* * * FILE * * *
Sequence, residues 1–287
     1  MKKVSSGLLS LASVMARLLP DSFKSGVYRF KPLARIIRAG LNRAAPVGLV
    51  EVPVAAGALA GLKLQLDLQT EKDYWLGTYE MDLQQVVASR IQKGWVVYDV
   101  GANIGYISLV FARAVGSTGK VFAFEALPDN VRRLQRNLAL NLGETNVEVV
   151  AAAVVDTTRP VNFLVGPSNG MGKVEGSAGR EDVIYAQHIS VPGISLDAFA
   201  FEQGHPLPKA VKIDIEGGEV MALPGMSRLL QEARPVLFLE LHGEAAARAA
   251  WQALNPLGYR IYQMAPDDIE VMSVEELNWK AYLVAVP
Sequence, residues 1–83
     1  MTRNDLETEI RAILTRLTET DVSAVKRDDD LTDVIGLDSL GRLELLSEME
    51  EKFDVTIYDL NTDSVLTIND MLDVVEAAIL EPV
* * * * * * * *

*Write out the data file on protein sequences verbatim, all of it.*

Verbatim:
Sequence, residues 1–287
     1  MKKVSSGLLS LASVMARLLP DSFKSGVYRF KPLARIIRAG LNRAAPVGLV
    51  EVPVAAGALA GLKLQLDLQT EKDYWLGTYE MDLQQVVASR IQKGWVVYDV
   101  GANIGYISLV FARAVGSTGK VFAFEALPDN VRRLQRNLAL NLGETNVEVV
   151  AAAVVDTTRP VNFLVGPSNG MGKVEGSAGR EDVIYAQHIS VPGISLDAFA
   201  FEQGHPLPKA VKIDIEGGEV MALPGMSRLL QEARPVLFLE LHGEAAARAA
   251  WQALNPLGYR IYQMAPDDIE VMSVEELNWK AYLVAVP
Sequence, residues 1–83
     1  MTRNDLETEI RAILTRLTET DVSAVKRDDD LTDVIGLDSL GRLELLSEME
    51  EKFDVTIYDL NTDSVLTIND MLDVVEAAIL EPV